Nutrition During Breastfeeding

Stefanie V. Overby, LPN

Eating well while nursing will ensure that your milk is the best possible quality. You will feel better and you will keep your body from being deprived. You are giving your baby protein, calcium, fats and vitamins by nursing and you need to replace them by eating a good diet. A good diet during nursing is not much different from any good diet. The average calorie intake for a nursing mother is between 2500-2600 calories. This will differ for each individual. Some women will need more calories and others will need fewer calories. It is not a good idea to diet while nursing. You will deprive yourself of the nutrients you need to make quality breast milk. Your body will take what it needs from you to ensure your baby gets what he or she needs. By eating a well-balanced diet you can safely lose one pound a week.

 What should nursing mothers eat?

Nursing mothers need foods from all of the food groups:

  • 6 or more servings of cereals and breads: Unsweetened cereals with iron are good choices.Whole grain bread can help fill you up and give you lots of vitamins and minerals. Other good choices include oatmeal, corn tortillas, corn bread, brown or white rice or whole wheat pancakes.
  • 4-6 servings of vegetables: Good yellow vegetables include carrots, sweet potatoes, yams, and winter squash. Green vegetables include the leafy greens such as spinach, collards, and lettuce. Others are peas, green beans, and broccoli.
  • 2-4 servings of fruit: These include peaches, nectarines, plums, pears, apples and bananas. Some servings can be in the form of juice.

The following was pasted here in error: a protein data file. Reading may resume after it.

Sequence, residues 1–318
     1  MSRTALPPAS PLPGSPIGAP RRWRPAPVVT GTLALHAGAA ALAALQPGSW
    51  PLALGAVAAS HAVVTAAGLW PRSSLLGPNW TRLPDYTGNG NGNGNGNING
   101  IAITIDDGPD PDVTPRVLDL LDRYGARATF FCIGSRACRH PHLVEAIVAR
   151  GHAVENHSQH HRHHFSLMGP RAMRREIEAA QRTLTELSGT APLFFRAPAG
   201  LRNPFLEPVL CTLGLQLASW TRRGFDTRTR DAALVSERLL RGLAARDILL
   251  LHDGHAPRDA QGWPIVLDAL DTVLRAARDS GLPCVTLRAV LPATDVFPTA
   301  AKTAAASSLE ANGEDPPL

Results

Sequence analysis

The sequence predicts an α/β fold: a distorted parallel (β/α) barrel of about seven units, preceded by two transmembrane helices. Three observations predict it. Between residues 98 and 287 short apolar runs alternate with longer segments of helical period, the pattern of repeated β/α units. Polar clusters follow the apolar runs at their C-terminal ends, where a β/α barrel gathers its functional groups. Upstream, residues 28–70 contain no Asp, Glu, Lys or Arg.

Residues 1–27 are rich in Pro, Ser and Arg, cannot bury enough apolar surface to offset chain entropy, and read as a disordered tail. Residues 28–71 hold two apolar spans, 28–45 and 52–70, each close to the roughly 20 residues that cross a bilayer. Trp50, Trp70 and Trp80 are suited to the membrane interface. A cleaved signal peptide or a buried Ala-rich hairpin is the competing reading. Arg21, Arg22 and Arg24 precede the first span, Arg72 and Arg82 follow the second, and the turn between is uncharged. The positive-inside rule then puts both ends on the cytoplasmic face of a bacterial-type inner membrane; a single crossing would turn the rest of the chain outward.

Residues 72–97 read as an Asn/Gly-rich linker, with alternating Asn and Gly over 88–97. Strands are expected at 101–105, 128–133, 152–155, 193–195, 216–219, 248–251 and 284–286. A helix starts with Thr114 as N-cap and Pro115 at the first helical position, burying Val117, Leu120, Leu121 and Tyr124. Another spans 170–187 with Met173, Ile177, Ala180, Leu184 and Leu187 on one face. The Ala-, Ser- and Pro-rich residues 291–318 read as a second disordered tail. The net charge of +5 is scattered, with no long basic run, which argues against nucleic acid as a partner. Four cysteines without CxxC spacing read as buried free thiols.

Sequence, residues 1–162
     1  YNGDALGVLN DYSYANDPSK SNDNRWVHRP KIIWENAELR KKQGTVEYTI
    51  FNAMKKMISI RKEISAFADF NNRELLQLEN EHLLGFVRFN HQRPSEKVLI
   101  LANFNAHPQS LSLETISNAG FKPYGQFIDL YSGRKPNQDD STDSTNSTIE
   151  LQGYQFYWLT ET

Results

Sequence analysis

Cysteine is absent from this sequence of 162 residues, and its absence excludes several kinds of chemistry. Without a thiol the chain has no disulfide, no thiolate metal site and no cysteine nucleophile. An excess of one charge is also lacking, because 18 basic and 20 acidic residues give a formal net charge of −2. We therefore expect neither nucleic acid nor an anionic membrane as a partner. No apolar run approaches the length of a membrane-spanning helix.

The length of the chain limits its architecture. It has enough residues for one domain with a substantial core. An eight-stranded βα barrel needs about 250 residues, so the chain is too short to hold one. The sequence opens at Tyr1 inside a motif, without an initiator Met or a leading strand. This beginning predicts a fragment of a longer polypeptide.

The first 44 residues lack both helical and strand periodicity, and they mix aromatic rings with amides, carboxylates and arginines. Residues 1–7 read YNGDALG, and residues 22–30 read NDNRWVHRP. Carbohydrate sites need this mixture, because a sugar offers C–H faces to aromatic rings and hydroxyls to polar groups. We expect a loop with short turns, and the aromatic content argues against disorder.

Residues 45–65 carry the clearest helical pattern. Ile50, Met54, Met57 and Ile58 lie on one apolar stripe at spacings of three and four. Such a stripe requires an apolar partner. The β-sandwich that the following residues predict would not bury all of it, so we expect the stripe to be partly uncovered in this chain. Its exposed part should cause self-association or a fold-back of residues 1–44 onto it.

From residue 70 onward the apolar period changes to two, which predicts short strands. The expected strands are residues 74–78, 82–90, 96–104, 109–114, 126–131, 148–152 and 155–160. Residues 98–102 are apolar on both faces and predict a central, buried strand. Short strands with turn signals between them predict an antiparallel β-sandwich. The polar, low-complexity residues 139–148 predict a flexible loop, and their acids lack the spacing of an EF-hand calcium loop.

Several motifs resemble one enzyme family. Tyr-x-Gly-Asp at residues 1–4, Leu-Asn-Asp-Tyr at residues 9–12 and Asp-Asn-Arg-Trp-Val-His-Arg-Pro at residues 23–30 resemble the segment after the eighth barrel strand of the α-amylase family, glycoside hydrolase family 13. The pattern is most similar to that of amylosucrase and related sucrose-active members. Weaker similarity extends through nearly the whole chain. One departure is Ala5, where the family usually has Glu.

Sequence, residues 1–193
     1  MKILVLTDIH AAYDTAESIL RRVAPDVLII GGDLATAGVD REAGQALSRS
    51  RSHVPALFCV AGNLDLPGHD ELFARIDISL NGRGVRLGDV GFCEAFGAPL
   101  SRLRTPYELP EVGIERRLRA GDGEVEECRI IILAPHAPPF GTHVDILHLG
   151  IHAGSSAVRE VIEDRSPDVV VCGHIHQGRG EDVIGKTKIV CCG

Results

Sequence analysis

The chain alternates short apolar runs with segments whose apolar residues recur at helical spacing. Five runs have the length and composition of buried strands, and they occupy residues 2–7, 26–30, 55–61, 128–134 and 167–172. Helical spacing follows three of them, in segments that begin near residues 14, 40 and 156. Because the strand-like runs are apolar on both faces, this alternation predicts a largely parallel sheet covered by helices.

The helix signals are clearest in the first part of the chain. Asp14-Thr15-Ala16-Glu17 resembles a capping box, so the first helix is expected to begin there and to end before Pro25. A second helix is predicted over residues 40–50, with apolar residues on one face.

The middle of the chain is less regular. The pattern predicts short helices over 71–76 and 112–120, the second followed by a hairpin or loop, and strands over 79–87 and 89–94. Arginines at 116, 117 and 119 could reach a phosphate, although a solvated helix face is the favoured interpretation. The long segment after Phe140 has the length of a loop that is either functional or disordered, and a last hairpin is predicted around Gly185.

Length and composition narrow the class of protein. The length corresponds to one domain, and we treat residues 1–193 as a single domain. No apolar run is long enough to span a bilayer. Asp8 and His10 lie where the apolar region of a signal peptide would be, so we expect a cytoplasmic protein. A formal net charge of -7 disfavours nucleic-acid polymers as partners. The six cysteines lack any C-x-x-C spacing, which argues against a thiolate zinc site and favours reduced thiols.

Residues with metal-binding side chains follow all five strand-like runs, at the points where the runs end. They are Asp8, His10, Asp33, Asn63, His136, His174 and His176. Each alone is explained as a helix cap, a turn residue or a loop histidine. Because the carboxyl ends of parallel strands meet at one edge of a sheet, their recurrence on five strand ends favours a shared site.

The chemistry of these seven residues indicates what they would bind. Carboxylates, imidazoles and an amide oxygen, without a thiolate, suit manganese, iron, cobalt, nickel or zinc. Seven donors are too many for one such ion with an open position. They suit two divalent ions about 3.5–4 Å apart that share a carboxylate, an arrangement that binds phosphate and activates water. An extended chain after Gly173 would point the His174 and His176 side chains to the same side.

• 3 servings of healthy protein: Chicken, fish, lean beef, pork or lamb, eggs, cottage cheese or peanut butter. You can also get good protein inexpensively by combining beans and corn or corn meal, rice, and beans, or bread plus peanut butter and milk.
  • 4 servings for calcium-rich foods: Dairy foods are a great source of calcium. A quart of milk a day will give you the calcium you need. For each (8 ounce) serving of milk, you could substitute 1 ½ ounces of cheese or 8 ounces of yogurt. Low fat dairy foods give you the valuable calcium you need without the added fat. Nursing mothers can eat any food they want. Most babies are not bothered by any type of food, even chocolate. Some foods eaten in excess may cause gas or stomach pain in you and your baby. By watching your baby to see how he or she reacts after you have eaten a certain food may help you determine if that food bothers them or not. Most babies have crying and fussy time every day, usually in the evening. It may be easier to determine if a food bothers your baby by eating it at lunch time. See if the baby cries more or becomes fussier that evening. You may need to try eating those foods a couple of times before you know for sure.

Nursing mothers need to avoid nicotine and should use caffeine and alcohol in moderation. Breastfeeding mothers who drink in moderation should avoid breastfeeding during and for 2-3 hours after drinking alcohol. Caffeine is found in coffee, teas and soda. If your baby seems jittery or does not sleep well you can try cutting back on caffeine. Nicotine is passed to your baby through breast milk, so try to quit smoking. Secondhand smoke is very unhealthy for your baby and no one should smoke in the same room as the baby.

You should drink enough liquid so that you have plenty of light colored urine. Large amounts of fluid intake will not increase your milk supply, but nursing your baby frequently will. Try to have something to drink every time you sit down to nurse. You may feel thirsty while you are nursing. This is normal.

By eating well and drinking enough fluids you will feel better and enjoy the time you have with your new baby. Our office supports breastfeeding and will be happy to help with any questions or concerns you may have. We look forward to helping you any way we can.